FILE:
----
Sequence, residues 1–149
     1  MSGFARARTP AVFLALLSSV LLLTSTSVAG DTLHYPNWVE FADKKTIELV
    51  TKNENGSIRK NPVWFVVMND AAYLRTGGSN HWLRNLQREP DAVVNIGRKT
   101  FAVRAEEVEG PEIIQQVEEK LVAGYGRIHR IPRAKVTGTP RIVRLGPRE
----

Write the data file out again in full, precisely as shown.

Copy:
Sequence, residues 1–149
     1  MSGFARARTP AVFLALLSSV LLLTSTSVAG DTLHYPNWVE FADKKTIELV
    51  TKNENGSIRK NPVWFVVMND AAYLRTGGSN HWLRNLQREP DAVVNIGRKT
   101  FAVRAEEVEG PEIIQQVEEK LVAGYGRIHR IPRAKVTGTP RIVRLGPRE